Chapter 35

Human immunodeficiency virus (HIV) infection is associated with non-specific polyclonal activation of B-cells and, consequently, elevations in polyclonal IgG and sFLCs have been observed [787][788]. Bibas et al. [787] measured ΣFLCs in 182 patients with HIV infection but without co-morbidities known to raise FLC levels (e.g. MGUS, renal impairment or a concurrent malignancy) and found that median concentrations were above normal, indicating that FLC production was raised in response to the HIV infection. Elevated concentrations of ΣFLCs were associated with other adverse prognostic markers, including higher viral load, shorter duration of undetectable viraemia, greater patient age and lower CD4 T-cell count. ΣFLC was also noted to be higher in untreated patients and those positive for hepatitis C virus (HCV). Similar results were reported by Zemlin et al. [858] in sera collected from 366 HIV patients with normal renal function. Elevated sFLC concentrations correlated positively with viral load and negatively with CD4 cell counts, albumin concentration and anti-retroviral treatment. In both of the above studies it was confirmed that sFLC elevations were polyclonal, with normal κ/λ sFLC ratios. Shiels et al. [791] compared sFLC concentrations between HIV patients with (n=252) and without (n=252) clinical acquired immune deficiency syndrome (AIDS). Polyclonal sFLC elevation was associated with a 4-fold increase in the risk of AIDS, whilst a monoclonal elevation was not. The authors suggested that polyclonal B-cell dysfunction may contribute to HIV-related immune suppression and predispose patients to clinical AIDS events.

Emerging evidence suggests a prognostic role for sFLCs in predicting HIV-lymphoma risk [787][792]. Lymphoma is the leading cause of cancer-related death among HIV-infected patients (Chapter 31) [793][794]. Non-Hodgkin lymphoma (NHL) is one of the AIDS-defining malignancies, and HIV-infected individuals have a 60- to 200-fold higher risk of developing NHL compared with that of the general population [793][794]. Likewise, HIV-infected patients are at increased risk of developing Hodgkin lymphoma (HL), with a 5- to 15-fold higher risk compared with that of the general population (Section 31.2) [795].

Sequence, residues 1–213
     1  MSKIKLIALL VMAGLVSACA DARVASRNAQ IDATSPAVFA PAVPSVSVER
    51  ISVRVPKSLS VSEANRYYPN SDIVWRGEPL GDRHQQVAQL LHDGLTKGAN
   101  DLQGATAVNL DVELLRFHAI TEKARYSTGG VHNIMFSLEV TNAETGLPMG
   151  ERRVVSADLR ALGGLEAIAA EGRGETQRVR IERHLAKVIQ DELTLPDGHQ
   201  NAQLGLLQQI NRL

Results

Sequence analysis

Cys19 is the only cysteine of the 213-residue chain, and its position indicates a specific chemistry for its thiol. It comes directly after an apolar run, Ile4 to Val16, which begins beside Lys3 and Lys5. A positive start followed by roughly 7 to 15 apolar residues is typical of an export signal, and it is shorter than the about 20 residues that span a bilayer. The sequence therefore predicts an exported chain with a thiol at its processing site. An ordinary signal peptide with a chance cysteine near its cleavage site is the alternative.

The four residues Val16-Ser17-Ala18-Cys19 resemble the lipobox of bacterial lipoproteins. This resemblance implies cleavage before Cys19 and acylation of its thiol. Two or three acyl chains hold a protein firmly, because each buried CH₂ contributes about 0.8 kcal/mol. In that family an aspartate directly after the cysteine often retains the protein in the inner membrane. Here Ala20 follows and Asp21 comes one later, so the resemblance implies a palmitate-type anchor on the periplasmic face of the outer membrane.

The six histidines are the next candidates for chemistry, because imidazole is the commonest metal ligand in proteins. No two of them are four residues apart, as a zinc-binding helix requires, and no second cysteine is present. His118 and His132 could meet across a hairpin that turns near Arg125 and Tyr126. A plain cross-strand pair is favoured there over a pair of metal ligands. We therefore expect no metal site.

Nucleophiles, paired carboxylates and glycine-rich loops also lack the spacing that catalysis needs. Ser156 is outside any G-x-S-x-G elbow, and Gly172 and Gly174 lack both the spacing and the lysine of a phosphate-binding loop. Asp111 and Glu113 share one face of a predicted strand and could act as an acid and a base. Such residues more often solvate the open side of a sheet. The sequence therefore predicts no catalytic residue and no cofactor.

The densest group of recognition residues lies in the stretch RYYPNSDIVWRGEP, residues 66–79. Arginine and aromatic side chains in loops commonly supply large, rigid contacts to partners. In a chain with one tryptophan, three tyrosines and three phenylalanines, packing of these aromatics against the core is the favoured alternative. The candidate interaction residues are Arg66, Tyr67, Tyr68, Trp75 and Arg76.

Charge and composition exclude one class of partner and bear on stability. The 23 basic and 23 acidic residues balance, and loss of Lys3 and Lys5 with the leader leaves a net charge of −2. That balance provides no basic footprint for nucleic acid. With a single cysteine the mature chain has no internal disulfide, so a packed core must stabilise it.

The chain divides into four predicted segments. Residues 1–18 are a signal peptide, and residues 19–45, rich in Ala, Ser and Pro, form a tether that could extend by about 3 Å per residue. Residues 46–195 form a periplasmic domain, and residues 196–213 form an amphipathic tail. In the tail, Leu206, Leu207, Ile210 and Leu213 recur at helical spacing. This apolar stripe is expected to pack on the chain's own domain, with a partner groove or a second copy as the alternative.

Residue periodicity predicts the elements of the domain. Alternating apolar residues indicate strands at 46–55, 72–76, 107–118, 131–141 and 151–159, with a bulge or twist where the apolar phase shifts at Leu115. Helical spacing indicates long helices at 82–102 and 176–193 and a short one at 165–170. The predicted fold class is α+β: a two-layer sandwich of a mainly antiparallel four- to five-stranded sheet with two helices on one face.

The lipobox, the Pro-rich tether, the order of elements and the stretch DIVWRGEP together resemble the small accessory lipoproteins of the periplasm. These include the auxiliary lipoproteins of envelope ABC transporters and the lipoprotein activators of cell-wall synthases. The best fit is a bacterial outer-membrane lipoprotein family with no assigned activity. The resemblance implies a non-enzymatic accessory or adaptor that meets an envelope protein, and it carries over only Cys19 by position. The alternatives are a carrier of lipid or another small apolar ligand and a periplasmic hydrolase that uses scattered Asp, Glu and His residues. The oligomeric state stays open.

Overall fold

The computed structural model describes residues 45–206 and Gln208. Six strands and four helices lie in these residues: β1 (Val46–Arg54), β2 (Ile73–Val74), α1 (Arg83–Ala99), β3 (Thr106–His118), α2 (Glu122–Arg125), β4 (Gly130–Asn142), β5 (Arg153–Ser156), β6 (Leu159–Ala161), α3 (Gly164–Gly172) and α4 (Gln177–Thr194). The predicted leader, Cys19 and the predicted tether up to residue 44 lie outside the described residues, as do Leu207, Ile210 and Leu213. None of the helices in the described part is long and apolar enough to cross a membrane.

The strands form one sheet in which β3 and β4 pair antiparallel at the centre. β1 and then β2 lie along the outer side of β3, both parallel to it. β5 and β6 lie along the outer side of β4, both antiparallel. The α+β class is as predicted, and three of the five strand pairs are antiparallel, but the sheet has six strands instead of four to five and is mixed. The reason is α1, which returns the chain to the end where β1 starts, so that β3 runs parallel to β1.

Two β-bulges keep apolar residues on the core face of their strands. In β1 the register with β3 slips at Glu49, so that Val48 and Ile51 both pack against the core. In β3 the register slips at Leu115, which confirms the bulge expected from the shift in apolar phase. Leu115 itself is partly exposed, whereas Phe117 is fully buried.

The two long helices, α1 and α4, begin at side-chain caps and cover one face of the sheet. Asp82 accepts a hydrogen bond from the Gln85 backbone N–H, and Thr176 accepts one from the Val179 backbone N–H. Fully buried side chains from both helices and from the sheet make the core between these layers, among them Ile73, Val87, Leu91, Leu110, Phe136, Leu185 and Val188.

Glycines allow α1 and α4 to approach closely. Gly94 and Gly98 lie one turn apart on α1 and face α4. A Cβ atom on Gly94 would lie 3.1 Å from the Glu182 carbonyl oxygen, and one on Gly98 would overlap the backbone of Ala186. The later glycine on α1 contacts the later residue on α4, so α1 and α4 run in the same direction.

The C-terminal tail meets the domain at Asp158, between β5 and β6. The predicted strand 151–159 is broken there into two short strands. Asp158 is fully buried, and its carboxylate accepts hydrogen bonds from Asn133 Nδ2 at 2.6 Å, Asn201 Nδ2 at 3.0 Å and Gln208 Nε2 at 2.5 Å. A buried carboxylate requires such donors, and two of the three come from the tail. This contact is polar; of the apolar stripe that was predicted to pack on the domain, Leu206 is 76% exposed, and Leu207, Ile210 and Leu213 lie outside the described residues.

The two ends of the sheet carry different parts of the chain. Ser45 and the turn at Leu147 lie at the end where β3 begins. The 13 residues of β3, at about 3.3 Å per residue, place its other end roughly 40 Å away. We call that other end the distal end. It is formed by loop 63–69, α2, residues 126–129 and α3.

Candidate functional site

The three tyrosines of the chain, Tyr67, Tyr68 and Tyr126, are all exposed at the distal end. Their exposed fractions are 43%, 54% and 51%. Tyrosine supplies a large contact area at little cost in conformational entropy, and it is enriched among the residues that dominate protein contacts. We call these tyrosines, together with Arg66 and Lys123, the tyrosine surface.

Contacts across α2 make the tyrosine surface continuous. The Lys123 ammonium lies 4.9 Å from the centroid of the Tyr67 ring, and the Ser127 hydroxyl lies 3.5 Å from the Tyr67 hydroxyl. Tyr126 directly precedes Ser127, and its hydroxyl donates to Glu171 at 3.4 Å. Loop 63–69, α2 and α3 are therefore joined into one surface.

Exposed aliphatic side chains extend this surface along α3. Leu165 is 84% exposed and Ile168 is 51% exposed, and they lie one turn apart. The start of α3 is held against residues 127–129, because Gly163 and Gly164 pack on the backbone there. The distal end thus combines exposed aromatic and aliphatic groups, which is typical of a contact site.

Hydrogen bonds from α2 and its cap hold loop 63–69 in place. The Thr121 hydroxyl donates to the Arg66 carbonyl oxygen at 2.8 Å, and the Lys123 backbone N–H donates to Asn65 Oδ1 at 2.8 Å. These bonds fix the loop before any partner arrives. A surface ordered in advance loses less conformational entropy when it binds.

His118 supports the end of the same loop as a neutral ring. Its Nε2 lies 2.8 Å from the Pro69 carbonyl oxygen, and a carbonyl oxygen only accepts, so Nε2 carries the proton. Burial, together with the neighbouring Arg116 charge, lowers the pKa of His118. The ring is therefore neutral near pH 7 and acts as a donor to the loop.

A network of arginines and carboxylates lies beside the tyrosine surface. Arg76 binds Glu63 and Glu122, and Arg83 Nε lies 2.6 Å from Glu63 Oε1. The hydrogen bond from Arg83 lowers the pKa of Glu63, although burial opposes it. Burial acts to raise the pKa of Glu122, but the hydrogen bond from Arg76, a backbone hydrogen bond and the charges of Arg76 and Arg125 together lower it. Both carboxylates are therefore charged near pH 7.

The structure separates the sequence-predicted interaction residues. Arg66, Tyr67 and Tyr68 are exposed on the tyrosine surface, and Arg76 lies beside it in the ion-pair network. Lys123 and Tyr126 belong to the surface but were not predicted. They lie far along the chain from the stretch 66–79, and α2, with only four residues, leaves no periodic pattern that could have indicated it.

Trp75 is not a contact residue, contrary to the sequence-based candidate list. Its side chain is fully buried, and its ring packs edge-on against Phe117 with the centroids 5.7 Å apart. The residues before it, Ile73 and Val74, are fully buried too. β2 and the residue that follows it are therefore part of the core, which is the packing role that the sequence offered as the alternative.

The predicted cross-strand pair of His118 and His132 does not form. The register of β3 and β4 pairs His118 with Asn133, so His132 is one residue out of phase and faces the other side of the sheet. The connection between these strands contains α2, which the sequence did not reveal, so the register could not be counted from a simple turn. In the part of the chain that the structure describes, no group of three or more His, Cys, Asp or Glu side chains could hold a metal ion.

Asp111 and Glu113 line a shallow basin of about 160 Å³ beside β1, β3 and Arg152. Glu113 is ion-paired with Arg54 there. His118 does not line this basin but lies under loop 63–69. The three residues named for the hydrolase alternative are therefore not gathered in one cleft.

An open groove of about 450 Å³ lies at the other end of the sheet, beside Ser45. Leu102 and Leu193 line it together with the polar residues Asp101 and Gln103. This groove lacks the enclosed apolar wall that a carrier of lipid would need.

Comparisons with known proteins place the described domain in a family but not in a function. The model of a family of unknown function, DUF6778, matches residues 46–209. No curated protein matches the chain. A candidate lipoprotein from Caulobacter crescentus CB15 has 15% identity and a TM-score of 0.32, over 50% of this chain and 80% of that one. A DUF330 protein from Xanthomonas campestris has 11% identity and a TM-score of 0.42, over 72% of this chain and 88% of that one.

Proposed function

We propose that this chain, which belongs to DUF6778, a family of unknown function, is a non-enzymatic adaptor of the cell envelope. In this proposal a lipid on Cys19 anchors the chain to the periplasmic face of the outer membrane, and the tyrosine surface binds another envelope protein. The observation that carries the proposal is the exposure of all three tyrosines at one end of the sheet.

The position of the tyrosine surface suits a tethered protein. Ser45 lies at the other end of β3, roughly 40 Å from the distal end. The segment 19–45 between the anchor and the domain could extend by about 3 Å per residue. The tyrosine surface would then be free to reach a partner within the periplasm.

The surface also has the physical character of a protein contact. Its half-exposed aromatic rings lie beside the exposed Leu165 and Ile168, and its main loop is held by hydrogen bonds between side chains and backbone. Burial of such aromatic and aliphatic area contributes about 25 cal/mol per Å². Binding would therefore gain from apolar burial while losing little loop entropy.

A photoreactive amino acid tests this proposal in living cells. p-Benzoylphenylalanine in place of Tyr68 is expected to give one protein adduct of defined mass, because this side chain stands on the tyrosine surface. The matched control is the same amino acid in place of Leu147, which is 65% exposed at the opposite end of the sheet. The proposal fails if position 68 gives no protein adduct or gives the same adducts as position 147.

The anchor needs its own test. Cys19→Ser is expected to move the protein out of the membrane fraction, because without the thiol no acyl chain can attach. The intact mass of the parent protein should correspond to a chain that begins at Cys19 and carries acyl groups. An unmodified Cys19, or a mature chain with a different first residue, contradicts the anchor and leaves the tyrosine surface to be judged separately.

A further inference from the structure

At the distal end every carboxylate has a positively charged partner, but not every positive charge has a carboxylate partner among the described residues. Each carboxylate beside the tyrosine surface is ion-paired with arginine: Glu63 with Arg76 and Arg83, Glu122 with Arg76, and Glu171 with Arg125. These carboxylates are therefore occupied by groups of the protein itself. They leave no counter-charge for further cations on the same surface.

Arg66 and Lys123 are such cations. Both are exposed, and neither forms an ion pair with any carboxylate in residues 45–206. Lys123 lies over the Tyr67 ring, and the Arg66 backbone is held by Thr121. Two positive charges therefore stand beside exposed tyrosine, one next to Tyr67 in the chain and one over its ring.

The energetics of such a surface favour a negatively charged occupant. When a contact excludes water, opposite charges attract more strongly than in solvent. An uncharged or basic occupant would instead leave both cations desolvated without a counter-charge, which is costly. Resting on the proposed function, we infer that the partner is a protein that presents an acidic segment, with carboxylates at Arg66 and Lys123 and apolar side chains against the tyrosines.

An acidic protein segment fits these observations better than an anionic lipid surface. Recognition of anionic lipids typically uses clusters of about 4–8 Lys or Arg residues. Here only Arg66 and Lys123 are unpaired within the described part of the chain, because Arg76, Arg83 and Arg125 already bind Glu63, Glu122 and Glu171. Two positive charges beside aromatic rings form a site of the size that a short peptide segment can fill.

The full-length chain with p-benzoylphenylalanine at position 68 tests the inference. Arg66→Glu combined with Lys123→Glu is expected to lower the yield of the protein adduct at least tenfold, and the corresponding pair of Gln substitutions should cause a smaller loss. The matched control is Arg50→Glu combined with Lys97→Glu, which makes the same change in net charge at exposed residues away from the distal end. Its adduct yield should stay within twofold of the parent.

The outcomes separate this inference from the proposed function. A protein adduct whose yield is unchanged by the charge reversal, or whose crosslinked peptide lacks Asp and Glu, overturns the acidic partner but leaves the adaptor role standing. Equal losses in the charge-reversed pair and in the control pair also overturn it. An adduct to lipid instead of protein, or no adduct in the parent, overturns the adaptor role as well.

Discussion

There are conflicting data on the association between elevated total immunoglobulin levels and NHL risk in HIV-infected individuals [796][792]. However, emerging evidence suggests there is a prognostic role for sFLCs in predicting HIV-lymphoma risk. Landgren et al. [792] studied 4,635 HIV infected individuals, 66 of whom developed NHL. Elevated κ or λ sFLC concentrations were present 2 to 5 years prior to NHL diagnosis, and were significantly associated with an increased NHL risk. The risk of NHL was 3.8- or 8.1-fold greater in patients with elevated κ or λ sFLC concentrations.

The prognostic value of elevated sFLCs in predicting HIV-lymphoma was also shown by Bibas et al. [787]. Of 6513 participants studied, 86 developed lymphoma. After excluding patients with comorbidities that may have caused elevated sFLCs (e.g. renal impairment or autoimmune disease), the remaining cohort comprised 46 patients. Of these, 30 patients developed NHL and 16 developed HL. In patients who subsequently developed lymphoma, summated κ + λ sFLC (ΣFLC) concentrations 2 years prior to lymphoma diagnosis were significantly higher than those of lymphoma-free HIV-infected controls (Figure 35.12). In multivariate analysis, elevated ΣFLCs (defined as >2-times the upper limit of normal) remained a significant predictor of lymphoma risk and was independent of CD4 T-cell count. The authors concluded that the measurement of polyclonal sFLCs merits consideration for introduction into routine clinical practice for HIV patients [787]. Tittle et al. [797] measured sFLCs in 264 patients with HIV-associated lymphoma. There was no significant difference in sFLC measurements between the three major histological subtypes (HL, diffuse large B-cell lymphoma and Burkitt lymphoma) at lymphoma diagnosis. In addition, elevated κ or λ concentrations or an abnormal κ/λ sFLC ratio did not influence overall survival.

Baptista et al. [798] highlighted a potential utility of sFLCs in monitoring HIV-related lymphoma patients. The sFLC concentrations at lymphoma diagnosis (46 samples) were compared with sFLC concentrations at complete response (28 samples). Serum κ, λ and ΣFLC concentrations were significantly lower at complete response compared with those at lymphoma diagnosis, indicating that further study of the potential utility of sFLCs for monitoring is warranted.